The Rocky & Bullwinkle Show (known as Rocky & His Friends during the first two seasons and as The Bullwinkle Show for the remaining seasons) is an American animated television series that originally aired from November 19, 1959, to June 27, 1964, on the ABC and NBC television networks. Produced by Jay Ward Productions, the series is structured as a variety show, with the main feature being the serialized adventures of the two title characters, the anthropomorphic moose Bullwinkle and flying squirrel Rocky.
Rocky & Bullwinkle is known for quality writing and wry humor. Mixing puns, cultural and topical satire, and self-referential humor, it appealed to adults as well as children. It was also one of the first cartoons whose animation was outsourced; storyboards were shipped to Gamma Productions, a Mexican studio also employed by Total Television). Thus the art has a choppy, unpolished look and the animation is extremely limited even by television animation standards at the time. Yet the series has long been held in high esteem by those who have seen it; some critics described the series as a well-written radio program with pictures.
The show was never a ratings hit and was shuffled around (airing in afternoon, prime time, and Saturday morning) but has garnered an influential cult following over the decades, influencing programs from The Simpsons to Rocko's Modern Life. Segments from the series were later recycled in the Hoppity Hooper show.
In 2013, Rocky and His Friends was ranked the sixth Greatest TV Cartoon of All Time by TV Guide.
There have also been rumors about a new series on Nickelodeon.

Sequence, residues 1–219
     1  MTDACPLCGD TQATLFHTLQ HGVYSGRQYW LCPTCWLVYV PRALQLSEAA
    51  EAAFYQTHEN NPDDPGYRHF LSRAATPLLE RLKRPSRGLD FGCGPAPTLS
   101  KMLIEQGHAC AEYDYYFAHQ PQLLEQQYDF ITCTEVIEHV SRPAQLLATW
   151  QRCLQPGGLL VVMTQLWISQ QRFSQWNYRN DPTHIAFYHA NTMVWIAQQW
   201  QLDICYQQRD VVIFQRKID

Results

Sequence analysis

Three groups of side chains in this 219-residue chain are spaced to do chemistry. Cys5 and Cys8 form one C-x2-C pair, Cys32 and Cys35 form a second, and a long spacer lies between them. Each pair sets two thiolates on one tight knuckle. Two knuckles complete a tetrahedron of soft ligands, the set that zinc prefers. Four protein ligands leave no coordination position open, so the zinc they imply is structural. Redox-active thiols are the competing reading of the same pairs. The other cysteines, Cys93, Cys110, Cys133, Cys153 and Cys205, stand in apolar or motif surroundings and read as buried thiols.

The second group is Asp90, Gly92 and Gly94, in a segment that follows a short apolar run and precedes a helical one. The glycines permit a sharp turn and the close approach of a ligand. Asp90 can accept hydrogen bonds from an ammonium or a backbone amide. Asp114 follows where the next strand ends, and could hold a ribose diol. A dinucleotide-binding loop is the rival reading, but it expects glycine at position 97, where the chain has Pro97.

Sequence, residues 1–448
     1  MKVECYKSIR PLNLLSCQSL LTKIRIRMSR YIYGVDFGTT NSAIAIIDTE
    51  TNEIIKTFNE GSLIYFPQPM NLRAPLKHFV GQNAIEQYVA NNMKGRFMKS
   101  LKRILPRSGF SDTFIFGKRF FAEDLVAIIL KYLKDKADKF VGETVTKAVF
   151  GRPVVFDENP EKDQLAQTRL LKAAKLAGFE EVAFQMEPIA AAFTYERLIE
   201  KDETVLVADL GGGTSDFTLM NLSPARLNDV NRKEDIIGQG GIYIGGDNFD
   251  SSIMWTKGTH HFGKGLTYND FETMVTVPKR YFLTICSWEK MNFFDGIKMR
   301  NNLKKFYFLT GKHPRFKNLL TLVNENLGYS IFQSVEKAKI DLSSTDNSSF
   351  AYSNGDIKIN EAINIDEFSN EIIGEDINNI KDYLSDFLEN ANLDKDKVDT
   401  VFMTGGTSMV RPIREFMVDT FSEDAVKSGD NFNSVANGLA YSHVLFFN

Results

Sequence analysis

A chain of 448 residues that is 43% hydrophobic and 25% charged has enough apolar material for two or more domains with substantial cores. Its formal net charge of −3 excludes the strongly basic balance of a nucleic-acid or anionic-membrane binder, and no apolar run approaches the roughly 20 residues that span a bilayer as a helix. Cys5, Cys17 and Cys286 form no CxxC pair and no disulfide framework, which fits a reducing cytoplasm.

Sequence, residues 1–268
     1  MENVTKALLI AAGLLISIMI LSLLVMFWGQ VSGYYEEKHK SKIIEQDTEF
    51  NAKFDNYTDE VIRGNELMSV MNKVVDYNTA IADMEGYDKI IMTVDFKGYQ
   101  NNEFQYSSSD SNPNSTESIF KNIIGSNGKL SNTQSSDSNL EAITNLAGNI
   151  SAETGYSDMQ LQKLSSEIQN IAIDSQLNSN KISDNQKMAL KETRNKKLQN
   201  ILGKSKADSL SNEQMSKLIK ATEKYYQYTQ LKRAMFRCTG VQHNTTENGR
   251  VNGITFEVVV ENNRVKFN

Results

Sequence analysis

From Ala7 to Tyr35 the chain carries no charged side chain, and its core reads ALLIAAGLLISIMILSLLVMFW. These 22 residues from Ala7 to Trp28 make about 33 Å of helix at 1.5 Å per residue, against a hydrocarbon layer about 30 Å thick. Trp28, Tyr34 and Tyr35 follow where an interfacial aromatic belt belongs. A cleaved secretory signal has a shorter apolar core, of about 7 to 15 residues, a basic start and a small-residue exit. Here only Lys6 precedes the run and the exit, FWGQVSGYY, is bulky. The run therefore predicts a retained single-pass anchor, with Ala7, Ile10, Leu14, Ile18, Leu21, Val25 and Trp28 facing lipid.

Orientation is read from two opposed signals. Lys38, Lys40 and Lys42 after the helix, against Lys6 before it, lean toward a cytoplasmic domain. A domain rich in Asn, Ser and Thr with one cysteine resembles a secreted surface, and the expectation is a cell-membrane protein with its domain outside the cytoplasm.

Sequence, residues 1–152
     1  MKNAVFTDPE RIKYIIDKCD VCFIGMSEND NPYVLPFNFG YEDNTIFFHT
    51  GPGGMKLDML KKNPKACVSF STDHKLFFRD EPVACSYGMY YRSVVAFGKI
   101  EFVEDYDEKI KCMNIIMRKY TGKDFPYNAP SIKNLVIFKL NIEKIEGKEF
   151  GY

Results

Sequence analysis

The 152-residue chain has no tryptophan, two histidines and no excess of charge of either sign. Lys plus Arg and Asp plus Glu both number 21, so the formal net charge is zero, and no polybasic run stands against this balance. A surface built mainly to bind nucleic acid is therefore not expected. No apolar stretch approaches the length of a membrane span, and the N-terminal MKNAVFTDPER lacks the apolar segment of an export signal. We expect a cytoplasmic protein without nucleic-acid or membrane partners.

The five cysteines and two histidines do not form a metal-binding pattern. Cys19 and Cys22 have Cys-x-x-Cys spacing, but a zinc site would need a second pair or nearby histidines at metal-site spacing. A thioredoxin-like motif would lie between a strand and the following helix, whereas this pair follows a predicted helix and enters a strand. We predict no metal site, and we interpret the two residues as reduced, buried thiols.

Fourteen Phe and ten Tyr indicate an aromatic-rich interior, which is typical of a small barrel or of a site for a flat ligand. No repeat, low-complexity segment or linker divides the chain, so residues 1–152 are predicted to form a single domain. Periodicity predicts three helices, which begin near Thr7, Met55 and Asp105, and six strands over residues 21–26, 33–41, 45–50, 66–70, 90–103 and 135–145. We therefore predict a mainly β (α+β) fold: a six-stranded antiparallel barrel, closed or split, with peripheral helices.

The series consists of three segments; Rocky & Bullwinkle, Mr. Peabody's Improbable History and Dudley-Do Right. Each segment is five minutes long. Other segments include Aeseop and Son and Fractured Fairy Tales.
First, there is a Rocky and Bullwinkle cartoon. Second, there is either an Aesop & Son or Fracutred Fairy Tales cartoon. Third, there is a Mr. Peabody or Dudley Do-Right cartoon.
Rocky and Bullwinkle
The tales of Rocky J Squirrel and his roommate, Bullwinkle, a dimwitted and confused moose. Join Rocky and Bullwinkle on their amazing adventures as they take on evil enemies, Boris Badenov and Natasha Fatale, spies for the fictional country of Pottsylvania. This is the first TV series to have an overarching story.
Join Mr. Peabody, the world's smartest talking dog and his best friend, a simpleminded young boy named Sherman as they travel through time in the WABAC time machine--saving history's greats from obscurity and ensuring the accuracy of our past!
This segment is a parody of early 20th century melodrama and silent film serials of the Northern genre. Dudley Do-Right is a Canadian Mountie in constant pursuit of his nemesis, Snidely Whiplash, who sports the standard "villain" attire of black top hat, cape, and over-sized mustache. This is one of the few Jay Ward cartoons to feature a background music track. As is standard in Ward's cartoons, jokes often have more than one meaning.
Fractured Fairy Tales
This segment spoofs familiar fairy tales and children's stories, but with altered storylines and modernized for humorous effect. This segment was narrated by Edward Everett Horton; June Foray, Bill Scott, Paul Frees, and an uncredited Daws Butler often supplied the voices.